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Charlie B. Black, also known as “The Hawk” by his teammates and fans, is perhaps one of the most-decorated players in Kansas history to have his jersey hang from the rafters of Allen Fieldhouse.

Black was not only a four-time All-Big Six Conference player, but he is also the only player in Kansas history to be a four-time first-team All-American. In honor of his memory, the Jayhawks locker room at Allen Fieldhouse is named after him.

The Arco, Idaho, native graduated from Southwest High School in Kansas City, Missouri, in 1940, which closed its doors in 2016. Black spent his freshman year at the University of Wisconsin studying agriculture before making the move back to the Kansas City area to play basketball for the Jayhawks in 1941.

In his first season with Kansas, Black made an instant impact, earning his first of four All-American honors en route to a 17-5 season for the Jayhawks. In his second season, along with Kansas great Ray Evans, Black led the Jayhawks to their fourth-consecutive Big Six title with a record of 22-6.

In a year when Kansas looked destined for an NCAA title, Kansas’ squad was torn apart, as all of its players were sent off to fight in World War II after its final regular season game. During the war, Capt. Black won a Distinguished Flying Cross, completing 51 missions as a reconnaissance pilot for the Army Air Corps.

Upon his return to Kansas in 1945, Black recorded his most successful season in a Kansas jersey as a junior, posting an average of 16.3 points per game and 326 points for the season. That year, with help from Hall of Famer Otto Schnellbacher, Black earned his third All-American honor, as the Jayhawks finished the season 19-2, with the only two losses coming to eventual NCAA champions Oklahoma A&M (now Oklahoma State). Black also led the conference in scoring that year, the only year he managed to do so.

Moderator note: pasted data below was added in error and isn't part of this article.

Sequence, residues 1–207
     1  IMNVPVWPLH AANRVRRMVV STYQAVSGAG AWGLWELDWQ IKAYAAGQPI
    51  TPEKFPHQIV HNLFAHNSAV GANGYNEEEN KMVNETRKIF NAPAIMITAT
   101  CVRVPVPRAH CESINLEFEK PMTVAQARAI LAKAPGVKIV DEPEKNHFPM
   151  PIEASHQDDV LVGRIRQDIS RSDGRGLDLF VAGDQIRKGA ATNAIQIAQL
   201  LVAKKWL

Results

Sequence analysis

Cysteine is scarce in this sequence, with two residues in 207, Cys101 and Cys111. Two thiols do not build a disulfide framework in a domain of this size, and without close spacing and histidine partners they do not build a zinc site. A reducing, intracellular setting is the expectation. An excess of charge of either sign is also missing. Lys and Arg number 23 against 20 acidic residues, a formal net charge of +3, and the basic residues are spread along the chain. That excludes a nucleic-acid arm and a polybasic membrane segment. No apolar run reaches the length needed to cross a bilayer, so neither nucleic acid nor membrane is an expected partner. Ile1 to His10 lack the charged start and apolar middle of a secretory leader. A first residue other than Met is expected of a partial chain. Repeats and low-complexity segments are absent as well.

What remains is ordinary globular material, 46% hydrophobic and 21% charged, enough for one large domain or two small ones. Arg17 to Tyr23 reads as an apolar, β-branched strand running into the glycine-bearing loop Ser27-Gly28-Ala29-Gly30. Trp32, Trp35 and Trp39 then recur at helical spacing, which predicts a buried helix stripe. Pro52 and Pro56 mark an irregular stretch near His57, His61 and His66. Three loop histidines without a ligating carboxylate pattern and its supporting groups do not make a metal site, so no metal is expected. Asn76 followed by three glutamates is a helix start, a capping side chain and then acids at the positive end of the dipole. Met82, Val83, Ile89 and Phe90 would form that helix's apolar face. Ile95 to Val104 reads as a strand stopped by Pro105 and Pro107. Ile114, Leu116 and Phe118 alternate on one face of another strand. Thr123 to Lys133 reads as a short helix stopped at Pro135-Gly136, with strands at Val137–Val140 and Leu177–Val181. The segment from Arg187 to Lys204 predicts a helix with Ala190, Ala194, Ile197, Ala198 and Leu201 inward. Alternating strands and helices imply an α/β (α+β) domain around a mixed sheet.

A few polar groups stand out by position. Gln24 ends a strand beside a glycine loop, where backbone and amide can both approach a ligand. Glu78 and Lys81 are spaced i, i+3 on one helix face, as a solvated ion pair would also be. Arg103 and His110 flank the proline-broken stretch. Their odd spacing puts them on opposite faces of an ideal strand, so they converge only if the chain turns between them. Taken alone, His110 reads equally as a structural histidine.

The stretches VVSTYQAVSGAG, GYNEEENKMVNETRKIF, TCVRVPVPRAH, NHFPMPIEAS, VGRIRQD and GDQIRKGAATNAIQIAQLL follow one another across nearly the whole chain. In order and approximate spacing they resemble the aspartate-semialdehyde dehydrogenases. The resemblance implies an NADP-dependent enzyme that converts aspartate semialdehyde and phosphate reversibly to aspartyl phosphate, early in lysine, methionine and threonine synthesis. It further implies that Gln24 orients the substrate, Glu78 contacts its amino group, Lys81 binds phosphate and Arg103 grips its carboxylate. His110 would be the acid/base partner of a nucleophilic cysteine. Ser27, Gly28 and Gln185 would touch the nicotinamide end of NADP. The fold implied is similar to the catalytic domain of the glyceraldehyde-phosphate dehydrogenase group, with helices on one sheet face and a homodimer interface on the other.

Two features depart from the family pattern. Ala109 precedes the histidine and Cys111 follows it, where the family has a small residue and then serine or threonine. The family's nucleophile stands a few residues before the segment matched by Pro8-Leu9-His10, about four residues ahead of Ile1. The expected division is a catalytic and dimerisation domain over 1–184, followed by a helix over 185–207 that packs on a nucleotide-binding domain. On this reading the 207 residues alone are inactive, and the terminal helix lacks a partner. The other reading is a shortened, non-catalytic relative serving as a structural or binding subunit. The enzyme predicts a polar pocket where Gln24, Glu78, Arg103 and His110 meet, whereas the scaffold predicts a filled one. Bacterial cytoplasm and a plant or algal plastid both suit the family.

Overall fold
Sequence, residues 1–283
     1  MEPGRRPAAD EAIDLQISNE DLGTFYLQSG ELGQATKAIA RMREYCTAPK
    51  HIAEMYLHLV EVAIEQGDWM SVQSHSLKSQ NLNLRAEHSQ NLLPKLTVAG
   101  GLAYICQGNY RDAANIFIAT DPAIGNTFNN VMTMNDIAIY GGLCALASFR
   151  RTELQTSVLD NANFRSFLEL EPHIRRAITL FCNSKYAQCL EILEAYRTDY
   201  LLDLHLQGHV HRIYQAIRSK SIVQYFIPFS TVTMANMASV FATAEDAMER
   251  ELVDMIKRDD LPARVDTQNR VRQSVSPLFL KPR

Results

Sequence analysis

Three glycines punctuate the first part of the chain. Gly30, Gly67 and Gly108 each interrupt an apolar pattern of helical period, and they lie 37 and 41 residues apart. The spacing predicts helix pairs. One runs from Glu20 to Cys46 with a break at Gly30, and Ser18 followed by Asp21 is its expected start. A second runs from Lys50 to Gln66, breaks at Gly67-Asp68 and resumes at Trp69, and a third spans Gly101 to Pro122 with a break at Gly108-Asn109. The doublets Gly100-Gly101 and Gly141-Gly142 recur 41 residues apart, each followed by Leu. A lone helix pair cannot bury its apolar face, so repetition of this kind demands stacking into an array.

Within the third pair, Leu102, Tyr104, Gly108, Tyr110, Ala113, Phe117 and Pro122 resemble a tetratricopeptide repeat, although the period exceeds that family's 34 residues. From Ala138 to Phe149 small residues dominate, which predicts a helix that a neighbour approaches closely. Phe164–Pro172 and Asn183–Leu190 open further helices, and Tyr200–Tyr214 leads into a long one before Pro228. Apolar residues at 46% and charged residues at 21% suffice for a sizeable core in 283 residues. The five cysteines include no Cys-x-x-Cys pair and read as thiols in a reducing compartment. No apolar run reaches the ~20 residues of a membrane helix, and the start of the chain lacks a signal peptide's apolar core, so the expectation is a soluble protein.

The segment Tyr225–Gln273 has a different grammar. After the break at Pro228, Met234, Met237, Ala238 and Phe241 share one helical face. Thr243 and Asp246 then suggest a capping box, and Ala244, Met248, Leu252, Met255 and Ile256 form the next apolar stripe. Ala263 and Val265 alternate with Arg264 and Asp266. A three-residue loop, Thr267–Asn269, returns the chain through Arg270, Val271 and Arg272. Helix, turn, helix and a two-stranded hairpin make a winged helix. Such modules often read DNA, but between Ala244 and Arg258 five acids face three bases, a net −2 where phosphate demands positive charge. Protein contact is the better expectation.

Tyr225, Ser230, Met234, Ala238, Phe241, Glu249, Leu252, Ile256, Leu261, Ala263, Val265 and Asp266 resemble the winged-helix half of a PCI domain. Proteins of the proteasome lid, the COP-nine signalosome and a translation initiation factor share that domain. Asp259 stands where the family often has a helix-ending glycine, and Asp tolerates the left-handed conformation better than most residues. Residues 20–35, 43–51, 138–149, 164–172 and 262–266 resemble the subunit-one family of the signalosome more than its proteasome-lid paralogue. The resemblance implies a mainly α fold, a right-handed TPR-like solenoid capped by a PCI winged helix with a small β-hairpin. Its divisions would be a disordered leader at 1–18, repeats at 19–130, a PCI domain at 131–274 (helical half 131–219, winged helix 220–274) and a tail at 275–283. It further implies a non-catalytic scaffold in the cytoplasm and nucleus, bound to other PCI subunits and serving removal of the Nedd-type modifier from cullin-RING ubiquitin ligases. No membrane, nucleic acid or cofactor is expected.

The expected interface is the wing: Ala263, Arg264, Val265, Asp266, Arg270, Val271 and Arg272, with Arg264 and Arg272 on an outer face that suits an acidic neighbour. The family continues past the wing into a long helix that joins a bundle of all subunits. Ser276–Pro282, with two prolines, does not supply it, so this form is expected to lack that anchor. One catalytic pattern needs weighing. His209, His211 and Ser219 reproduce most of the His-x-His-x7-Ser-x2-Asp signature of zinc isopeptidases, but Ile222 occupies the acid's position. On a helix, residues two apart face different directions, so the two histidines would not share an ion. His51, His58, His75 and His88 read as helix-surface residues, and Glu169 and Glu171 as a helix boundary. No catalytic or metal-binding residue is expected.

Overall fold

Black’s senior year at Kansas didn’t demonstrate the extraordinary success that he experienced in his first three years, as the Jayhawks fell to a 16-11 record, with Black only recording an average of 11.3 points per game. Despite this, Black surpassed the 1,000-point mark, the first Jayhawk to do so, as he scored 305 points in 27 games to reach 1,082 total points over his four years.

This drop in form unfortunately coincided with the period of time Phog Allen had to sit out for half of the season, recovering from the flu. Despite this, Black earned his fourth and final All-American honor, becoming the only player to do so at the time. Since then, only one other player has achieved the same feat, with LaSalle’s Tom Gola doing so 10 years later.

After his Kansas career, Black headed to the National Basketball League with the Anderson Packers, before heading to the NBA with the Fort Wayne Pistons, Indianapolis Jets and Milwaukee Hawks. He eventually retired from basketball in 1952, before settling down as a farmer in Kansas and then managing a welding supply company in Arkansas.

Black saw his jersey retired in 1992, before passing away later that year at the age of 71.